Monday night I fell into bed, completely drained from a weekend plus a day that had left me emotionally raw and physically exhausted. After tossing and turning, taking my melatonin, and trying to meditate, I finally said a short prayer:
Dear God, I need comfort tonight. Please let me sleep and feel loved and appreciated and safe. Amen.
And, as is usually the case after praying, I fell promptly to sleep. But what happened next was definitely not typical.
That night — last night — I dreamed one of those perfect dreams. Sweet, simple, uncomplicated, without a hint of sadness or anger or fear or loss. It was a dream of pure happiness. I dreamed of a dog I once owned, whom I”ll call “Ranger.” The plot of the dream doesn’t matter, but what mattered was how real Ranger was to me in that other realm of consciousness. I could feel his thick coat, short and somewhat coarse. I could smell his distinctive scent and hear his panting that sounded like an old man chuckling. In my dream, I learned that I was mistaken about his death; he was alive and when I found him again, he leapt about joyfully, as he had when he was younger, before arthritis and tumors robbed him of his deer-like gait. He ran this way and that, smiling his panting smile and wagging his inefficient fat stub of a tail, so unique to Australian Shepherds.
I felt flush with happiness and blessed with good fortune — he was alive and healthy, after all this time! I had a second chance to spend time with my dear friend! I hugged him and we played and I recognized the funny way his left ear was bent and the beautiful, soft, white, scarf-shaped coloring he had around his neck that always gave him the look of a dandy, even when he wasn’t wearing his beloved bandanas. I put my arms around that neck as I’d done so many times before, and he wrapped his chin around my neck in an unmistakable hug. I remembered briefly how many times I had cried silently into that furry neck and how he’d patiently licked the tears from my face.
In my dream, Ranger came to live with me again, following me around endlessly, always right under my feet, just as he’d always done, even when he was old and frail and stairs had become an enormous challenge. But unlike in our previous time together, I didn’t snap at him when I tripped over his long legs. I didn’t complain about the tufts of hair he was always leaving behind on my hardwood floors. I fed him the blueberries and bacon and carrots that he so dearly loved. I took him to the dog park and in the car and to Home Depot where the orange-aproned employees fed him dog treats. I made the most of every minute, every second, because I knew, like I hadn’t known before, how much I would miss him when he was gone.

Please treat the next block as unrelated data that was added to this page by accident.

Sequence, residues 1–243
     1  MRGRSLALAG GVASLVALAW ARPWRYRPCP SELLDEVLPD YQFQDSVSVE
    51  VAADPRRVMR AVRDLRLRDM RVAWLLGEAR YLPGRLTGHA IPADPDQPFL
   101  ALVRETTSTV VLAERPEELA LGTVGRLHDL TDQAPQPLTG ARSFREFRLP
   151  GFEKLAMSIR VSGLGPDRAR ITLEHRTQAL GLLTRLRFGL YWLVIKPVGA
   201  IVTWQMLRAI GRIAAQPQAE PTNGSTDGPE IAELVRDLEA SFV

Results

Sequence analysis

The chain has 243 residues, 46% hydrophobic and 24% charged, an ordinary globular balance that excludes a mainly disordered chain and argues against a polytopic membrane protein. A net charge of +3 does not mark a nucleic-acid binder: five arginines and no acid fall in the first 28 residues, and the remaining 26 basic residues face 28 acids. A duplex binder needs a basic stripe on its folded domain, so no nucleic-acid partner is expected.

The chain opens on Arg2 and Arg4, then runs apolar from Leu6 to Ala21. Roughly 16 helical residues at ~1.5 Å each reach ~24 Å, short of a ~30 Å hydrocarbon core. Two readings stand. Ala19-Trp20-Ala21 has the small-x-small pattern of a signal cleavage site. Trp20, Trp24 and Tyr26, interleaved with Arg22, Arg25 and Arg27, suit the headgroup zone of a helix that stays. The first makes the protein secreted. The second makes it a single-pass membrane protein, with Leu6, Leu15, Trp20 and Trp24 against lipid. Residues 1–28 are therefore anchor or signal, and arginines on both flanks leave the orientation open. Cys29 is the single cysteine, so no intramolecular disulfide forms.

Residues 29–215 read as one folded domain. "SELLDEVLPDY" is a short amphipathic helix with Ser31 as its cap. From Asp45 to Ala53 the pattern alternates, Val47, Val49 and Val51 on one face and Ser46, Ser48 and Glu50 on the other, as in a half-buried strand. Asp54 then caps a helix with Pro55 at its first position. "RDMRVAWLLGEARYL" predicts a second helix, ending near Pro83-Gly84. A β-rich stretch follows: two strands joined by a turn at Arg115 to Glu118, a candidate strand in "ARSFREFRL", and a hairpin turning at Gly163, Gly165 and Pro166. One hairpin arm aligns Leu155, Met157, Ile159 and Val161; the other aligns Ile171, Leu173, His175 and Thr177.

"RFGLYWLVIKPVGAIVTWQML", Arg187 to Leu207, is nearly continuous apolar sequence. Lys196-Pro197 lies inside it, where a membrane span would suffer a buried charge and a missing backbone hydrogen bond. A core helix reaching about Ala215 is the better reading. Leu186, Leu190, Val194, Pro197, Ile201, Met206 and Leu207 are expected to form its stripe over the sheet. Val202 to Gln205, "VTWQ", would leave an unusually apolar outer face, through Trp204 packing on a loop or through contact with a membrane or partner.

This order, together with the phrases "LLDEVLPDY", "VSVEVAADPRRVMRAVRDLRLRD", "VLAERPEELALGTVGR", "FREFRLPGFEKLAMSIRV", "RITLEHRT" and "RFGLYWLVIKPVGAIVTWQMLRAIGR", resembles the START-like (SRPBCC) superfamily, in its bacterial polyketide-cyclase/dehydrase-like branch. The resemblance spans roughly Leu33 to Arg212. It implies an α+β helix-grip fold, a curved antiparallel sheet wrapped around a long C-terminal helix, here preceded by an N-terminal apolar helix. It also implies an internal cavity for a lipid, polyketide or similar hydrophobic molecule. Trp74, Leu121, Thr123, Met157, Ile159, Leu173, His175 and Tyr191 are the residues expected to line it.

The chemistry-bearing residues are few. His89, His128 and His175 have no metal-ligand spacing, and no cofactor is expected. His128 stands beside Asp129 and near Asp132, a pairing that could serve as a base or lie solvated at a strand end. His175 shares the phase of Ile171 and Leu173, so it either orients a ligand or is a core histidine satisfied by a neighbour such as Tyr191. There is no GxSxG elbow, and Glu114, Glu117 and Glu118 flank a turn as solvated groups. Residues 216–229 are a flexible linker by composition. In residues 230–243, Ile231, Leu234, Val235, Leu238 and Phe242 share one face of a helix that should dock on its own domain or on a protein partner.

I am ashamed to admit that the last couple of years of Ranger’s life were not very good. Those years coincided with the last years of my marriage, and I was irritable, distracted, and depressed. Ranger was so attuned to me, I feel certain that his rapid decline was tied to his anxiety about me. I hate remembering how few walks he got during those last years, how many times I barked at him to get out of my way, how infrequently I laid on the floor and cuddled him until he purred like a cat. I hate acknowledging the relief I felt when he was finally at peace, eternally asleep in his bed next to mine, courtesy of the vet’s dreaded needle. I will forever wonder if I ordered that needle when I did because of his pain or mine.
No human ever had a more loyal, more attentive, more empathetic companion than I had in Ranger. The fact that he is the one who came to me last night, when I most needed comfort, should not surprise me. When I woke up this morning, I struggled to hang on to the dream, clinging to those gossamer threads of comfort Ranger offered, silently apologizing, as I have a million times before, for not deserving his devotion in his final years.
All day today, I have walked around with the memory of the dream fresh and tangible in my consciousness, the peace and serenity it brought to me still soothing my soul. I have reflected on so many precious moments I shared with a dog who carried me through some of the darkest days of my life. I have thanked the heavens over and over and over that I was blessed to know such a loving and kind being.
But tonight, as I write this, I am fighting sleep. I do not want to succumb to the night’s slumber because I know that in doing so, I will lose Ranger again, and it may be years before he next visits. I have spent the whole day feeling close to him and comforted by his presence, but all of that will be wiped clean by another night’s sleep. And I do not want that. I don’t want to let go this time. Ranger left me long before I stopped needing him. And when I finally surrender to the demands of sleep, he will leave me again.
And I will grieve all over again.
3 responses to “gossamer threads of comfort”
Be strong, my friend. This is a tough time. I don’t have the details, but I know you can do with support and (doggy) licks right now…
Thanks. I think one loss triggers the cellular or subconscious memories of losses that have gone before. That’s my current theory anyway.
Dear TPG, Loss does indeed bring back all previous losses… So I don’t know what new loss you are going through right now, but hope that there are people around to comfort and cuddle you. I am also sending a few transatlantic hugs xoxo